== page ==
Understanding how to fly, it’s incredibly essential that you can hear and talk to your instructor clearly, as soon as you commence communicating over the air with towers or other pilots, clarity in communication could be a life or death situation. For this reason, I needed an extremely comfortable headset that could i want to focus all my attention on flying. For me personally, finding a comfortable headset was (I thought) an impossible task, because I eventually have a couple of rings in my own ears. I’ve some quite intensive cartilage piercings that produce wearing over-the-ear headphones a horrible experience. For a long time, it’s been a battle between frequent adjusting some headphones or simply coping with it as clumps of surgical steel are painfully pressed against my head, leading to sore, tender ears, and oftentimes headaches (depending how long I was wearing them). Luckily, the Bose A20’s speakers were comfortable hugging my ears, but I definitely recommended the soft, on-ear speakers from the DC Pro-X’s.

The band includes a cushion system that’s made up of two squares of dense, cushy sheepskin stuck to a brief cloth rubber band. The elastic lets you attach the sheepskin pads closer together or farther apart on the Velcro strips glued to the band. The light metal band is constructed of two sections, linked with a hinge in the centre, so the stretchiness of the furry padding also plays a part in an increased, convenient fit for larger heads. Unlike almost every other couple of headphones or headsets I’ve ever really tried, it didn’t squeeze the life span out of my brain while also holding the speakers set up. I knew that the headset was said to be among the lightest available to buy at only 12oz, nonetheless it felt heavy and strong enough that I wasn’t worried about breaking it.

Large selection of size-flexibility
As a woman, aviation headsets usually are too big for me personally, and the speakers fit more along my ear lobe and jawline than other things, but luckily, this is false with the Bose A20 aviation headset. I was happily surprised that I actually had to lessen the cushiony speakers to match correctly, illustrating that could fit even the littlest pilot. The speakers were unbelievably clear, and the oblong condition of the cushion really helped prevent any pain from pressing against my ear piercings. I wish that I possibly could wear them while hearing music at home!

The microphone is mounted on a bendy, rubber coated wire that delivers excellent positioning ability, and didn’t subject me compared to that uncomfortable cold-metal sensation when it brushed against my cheek turning my head while banking and such.

Double the noise-cancelling, double the fun
The most impressive the main whole headset (although comfort is unquestionably tied for first) was the inherent noise-cancelling ability of the cushioned speakers. In-flight, my instructor would occasionally ask me easily could hear the change in the engines pitch or volume, to that i answered each time, “Nope!” And I realized following the lesson that I never even fired up using the noise-cancelling function, which is manipulated by a tiny power button on the control module mounted on the cord. Some variants of the Bose A20 are exclusively aircraft-powered, and can turn on whenever your avionics do, but I was using the battery powered headset, which includes an auto-off feature, but requires you to manually start the headset. While taxiing back again to the hangar, I made a decision to try the noise-cancelling button and suddenly gained an extremely empathetic link with deaf people. The silencing ability is shocking, like what I imagine space or being buried underground to appear to be. It’s a plainly perceptible dampening of each sound except the kinds being transmitted through the speakers. To be frank, it creates the world weirdly quiet.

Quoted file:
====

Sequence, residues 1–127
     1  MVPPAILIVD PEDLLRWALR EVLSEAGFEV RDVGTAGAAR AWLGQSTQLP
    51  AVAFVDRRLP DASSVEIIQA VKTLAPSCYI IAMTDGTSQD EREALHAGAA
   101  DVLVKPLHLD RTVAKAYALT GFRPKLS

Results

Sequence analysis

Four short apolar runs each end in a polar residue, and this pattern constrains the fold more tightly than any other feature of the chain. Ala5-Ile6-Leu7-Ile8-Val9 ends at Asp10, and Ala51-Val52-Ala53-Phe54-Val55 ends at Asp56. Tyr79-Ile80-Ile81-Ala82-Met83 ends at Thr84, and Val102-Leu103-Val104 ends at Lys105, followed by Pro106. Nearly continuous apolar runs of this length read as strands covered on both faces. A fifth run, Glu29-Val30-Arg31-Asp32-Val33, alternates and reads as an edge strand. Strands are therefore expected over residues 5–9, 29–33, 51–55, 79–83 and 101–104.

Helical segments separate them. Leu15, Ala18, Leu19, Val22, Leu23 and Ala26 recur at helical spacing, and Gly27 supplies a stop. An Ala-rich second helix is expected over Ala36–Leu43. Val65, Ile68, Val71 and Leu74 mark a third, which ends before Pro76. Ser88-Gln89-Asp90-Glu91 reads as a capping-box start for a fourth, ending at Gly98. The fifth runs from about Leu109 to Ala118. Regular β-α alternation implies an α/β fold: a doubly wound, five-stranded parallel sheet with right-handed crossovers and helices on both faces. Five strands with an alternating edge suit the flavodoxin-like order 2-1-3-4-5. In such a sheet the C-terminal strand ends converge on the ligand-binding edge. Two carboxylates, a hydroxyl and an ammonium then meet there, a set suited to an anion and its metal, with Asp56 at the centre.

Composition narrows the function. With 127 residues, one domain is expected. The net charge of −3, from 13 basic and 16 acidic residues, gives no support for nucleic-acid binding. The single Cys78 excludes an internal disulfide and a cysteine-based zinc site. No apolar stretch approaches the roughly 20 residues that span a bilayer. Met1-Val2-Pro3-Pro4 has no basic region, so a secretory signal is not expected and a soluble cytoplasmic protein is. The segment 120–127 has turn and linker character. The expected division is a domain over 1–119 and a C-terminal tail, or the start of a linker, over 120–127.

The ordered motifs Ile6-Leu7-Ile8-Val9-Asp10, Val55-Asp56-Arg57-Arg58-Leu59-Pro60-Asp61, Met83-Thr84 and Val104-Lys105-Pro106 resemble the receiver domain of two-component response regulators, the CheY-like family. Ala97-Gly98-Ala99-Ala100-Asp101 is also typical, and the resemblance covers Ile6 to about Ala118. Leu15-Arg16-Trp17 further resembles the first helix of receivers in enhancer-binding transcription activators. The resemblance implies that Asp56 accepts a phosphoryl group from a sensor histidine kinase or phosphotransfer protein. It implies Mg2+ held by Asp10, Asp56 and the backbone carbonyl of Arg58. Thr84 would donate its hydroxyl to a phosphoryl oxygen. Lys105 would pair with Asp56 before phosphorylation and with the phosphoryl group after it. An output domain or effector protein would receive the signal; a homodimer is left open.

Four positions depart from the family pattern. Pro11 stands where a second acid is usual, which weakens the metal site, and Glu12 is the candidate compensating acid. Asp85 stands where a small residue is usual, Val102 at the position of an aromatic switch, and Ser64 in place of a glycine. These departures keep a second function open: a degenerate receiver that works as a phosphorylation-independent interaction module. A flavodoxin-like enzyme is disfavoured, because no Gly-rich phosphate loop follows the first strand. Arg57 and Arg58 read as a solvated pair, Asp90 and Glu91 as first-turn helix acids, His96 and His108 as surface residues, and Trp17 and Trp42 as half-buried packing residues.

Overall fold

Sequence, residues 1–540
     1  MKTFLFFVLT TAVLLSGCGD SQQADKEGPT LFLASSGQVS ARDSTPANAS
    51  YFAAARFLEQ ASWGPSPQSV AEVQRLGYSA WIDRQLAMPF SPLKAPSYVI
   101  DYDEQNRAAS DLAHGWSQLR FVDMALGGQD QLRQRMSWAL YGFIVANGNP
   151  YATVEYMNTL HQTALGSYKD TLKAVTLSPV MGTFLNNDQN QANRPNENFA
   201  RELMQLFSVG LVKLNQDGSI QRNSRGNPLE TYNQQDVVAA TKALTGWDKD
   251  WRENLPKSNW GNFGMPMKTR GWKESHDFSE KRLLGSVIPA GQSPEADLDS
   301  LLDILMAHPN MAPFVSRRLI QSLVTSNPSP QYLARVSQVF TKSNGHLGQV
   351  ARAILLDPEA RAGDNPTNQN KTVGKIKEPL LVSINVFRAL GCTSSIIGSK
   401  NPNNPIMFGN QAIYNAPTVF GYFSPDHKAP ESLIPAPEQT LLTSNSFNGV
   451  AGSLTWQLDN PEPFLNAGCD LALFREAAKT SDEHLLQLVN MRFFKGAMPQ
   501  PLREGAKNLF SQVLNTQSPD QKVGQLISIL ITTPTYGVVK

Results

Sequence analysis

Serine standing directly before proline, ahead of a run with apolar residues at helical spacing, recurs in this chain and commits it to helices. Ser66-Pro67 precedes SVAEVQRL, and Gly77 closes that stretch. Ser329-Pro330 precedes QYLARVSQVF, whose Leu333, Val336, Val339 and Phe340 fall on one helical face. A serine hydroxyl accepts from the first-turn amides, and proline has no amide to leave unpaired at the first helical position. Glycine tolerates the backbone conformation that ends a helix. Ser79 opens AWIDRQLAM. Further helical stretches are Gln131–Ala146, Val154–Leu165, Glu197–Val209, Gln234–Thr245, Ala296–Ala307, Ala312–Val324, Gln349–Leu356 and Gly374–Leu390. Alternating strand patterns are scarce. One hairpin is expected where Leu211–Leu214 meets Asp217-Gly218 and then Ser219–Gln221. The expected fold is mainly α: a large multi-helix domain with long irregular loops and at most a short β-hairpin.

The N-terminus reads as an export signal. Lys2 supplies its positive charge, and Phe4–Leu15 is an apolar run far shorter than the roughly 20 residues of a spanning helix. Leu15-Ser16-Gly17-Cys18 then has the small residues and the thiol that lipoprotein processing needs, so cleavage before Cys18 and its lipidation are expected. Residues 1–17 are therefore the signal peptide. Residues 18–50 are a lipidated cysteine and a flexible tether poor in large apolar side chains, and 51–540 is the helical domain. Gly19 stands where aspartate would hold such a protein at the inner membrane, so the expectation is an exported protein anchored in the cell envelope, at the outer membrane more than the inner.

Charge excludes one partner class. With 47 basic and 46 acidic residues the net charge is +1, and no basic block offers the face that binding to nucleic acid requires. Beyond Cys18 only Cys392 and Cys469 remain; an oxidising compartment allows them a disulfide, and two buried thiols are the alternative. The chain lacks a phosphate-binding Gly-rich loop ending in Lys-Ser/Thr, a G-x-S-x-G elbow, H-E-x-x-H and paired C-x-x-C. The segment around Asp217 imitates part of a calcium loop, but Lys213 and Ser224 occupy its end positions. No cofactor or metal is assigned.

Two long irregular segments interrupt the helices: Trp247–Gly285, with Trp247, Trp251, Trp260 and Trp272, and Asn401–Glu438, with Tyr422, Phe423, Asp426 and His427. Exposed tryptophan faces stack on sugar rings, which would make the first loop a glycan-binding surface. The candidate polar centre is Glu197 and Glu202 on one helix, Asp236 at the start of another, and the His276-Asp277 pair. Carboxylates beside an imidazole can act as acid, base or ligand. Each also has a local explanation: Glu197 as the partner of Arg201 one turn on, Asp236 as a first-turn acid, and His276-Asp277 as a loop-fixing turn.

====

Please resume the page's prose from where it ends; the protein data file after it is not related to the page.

Easily customizable to match the needs of each pilot (or student!)
The control module includes a couple other very interesting and convenient functions aswell. A fun one may be the individually adjustable volume knobs. I haven’t yet experienced a dependence on that function, but I tried it anyway. It worked aswell as you’ll expect given the Bose A20’s reputation, which is absolutely dang well. Maybe I’ll come across a predicament that necessitates that function in later lessons!

The headset also offers Bluetooth capability that allows you to create calls or pay attention to music wirelessly, and an audio tracks prioritizing switch which allows you to mute or mix the many music sources. The headset also includes two removable cord clips in order to fix the cord to your seatbelt or pants, keeping it taken care of or inserting the control module within easy reach. All of this will come in an egg-shaped black zippered travel case with firm inserts to carry the headset set up, and elastic straps and two elastic pouches: one externally of the case, and one within leading zipper flap.